Then came the gift of the vaccine. With more than 90% vaccination participation in Sonata communities, we all feel the relief and joy that comes from having the freedom to connect with each other again without fear.

Along with peace of mind, senior living gives older adults purpose. When social restrictions were mandated, we responded with small group life enrichment activities to keep residents engaged. We delivered meals to our residents to maintain high nutritional standards. When speakers and entertainers were suddenly put on hold, we instead challenged residents to one-on-one hallway bowling matches and invited them to enjoy traveling ice cream carts and pop-up taco stands.

At Sonata as with some of our peer organizations, safety is much more than a promise we make to our residents. Our signature program, Sonata Safe, offers the reassurance our families need now and will continue to need to meet the demands of a changed world.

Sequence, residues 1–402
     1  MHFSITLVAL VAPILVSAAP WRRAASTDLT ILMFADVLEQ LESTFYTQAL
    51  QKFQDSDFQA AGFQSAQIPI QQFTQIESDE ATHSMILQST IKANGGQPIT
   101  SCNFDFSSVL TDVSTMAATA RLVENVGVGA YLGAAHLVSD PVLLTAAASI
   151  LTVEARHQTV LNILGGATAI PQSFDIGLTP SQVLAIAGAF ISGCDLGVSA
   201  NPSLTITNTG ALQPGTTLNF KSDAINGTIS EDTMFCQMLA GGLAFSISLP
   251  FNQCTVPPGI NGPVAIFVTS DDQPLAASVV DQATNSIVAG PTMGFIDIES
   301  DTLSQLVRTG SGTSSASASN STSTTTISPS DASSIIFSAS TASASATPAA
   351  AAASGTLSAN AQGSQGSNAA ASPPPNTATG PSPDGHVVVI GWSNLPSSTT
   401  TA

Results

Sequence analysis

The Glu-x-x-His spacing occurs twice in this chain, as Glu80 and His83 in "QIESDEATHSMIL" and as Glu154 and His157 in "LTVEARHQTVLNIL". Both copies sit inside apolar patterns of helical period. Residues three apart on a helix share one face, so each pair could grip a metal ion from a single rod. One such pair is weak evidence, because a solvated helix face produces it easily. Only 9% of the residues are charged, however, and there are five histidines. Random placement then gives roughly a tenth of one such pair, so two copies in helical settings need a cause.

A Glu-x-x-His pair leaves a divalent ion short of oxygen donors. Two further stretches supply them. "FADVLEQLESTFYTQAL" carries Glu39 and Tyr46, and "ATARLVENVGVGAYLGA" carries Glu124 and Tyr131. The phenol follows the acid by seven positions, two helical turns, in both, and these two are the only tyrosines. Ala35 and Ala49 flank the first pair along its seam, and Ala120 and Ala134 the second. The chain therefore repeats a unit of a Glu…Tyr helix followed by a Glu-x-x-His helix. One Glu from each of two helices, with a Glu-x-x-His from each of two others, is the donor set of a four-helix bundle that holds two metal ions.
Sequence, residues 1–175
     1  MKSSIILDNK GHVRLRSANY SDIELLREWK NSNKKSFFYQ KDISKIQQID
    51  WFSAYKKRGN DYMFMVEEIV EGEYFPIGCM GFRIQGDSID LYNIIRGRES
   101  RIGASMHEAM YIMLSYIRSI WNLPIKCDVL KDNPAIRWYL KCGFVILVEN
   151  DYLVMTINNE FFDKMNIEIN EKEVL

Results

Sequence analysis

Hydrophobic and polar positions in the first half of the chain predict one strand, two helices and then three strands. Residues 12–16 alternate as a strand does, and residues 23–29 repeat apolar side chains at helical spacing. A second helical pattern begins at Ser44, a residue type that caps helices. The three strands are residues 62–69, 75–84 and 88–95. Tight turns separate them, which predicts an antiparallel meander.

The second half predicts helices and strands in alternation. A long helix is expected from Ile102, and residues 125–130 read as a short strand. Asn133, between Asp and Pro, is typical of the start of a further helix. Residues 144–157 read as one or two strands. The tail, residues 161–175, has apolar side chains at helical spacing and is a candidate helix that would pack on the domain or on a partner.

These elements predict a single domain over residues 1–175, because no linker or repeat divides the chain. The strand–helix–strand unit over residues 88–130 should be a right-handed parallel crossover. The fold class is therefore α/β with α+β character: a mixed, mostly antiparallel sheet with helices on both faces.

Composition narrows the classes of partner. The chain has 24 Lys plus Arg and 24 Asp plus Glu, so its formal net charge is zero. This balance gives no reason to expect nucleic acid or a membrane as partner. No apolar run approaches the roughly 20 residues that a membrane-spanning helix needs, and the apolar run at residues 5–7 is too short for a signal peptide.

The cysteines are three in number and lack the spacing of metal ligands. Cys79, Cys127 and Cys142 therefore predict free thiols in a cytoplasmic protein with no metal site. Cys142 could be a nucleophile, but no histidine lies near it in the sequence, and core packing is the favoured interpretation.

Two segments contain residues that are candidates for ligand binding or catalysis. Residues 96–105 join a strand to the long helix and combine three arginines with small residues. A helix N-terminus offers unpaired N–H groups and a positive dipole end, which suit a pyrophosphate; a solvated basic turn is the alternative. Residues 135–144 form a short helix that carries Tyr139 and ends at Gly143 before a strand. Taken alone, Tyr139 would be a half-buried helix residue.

In practice, this translates not only to a responsibility to deliver the highest quality care, but to innovate in ways we have yet to imagine. From touchless technology and telemedicine to wearables and artificial intelligence, innovation has been accelerated by the pandemic at unprecedented rates. We assemble these gifts in new and beneficial ways to help our residents and families face the new dawn with confidence.

When we have a parent of advanced age, gifts have a special poignancy. We ask ourselves, what can we give them now, as an expression of our abiding love and a testament to the unique story we share that would have meaning for them during their remaining years?

This holiday season, there are few gifts more loving than the safety and security afforded by senior living. Senior living represents the gift of purpose along with protection from the buffeting of the world’s many unknowns. Most of all, it represents peace of mind for our elders and the adult children who love them.

Shelley Esden is chief operating officer of Sonata Senior Living and chair of the Florida Senior Living Association. She has steered 12 communities through pandemic-related challenges.

The opinions expressed in each McKnight’s Senior Living guest column are those of the author and are not necessarily those of McKnight’s Senior Living.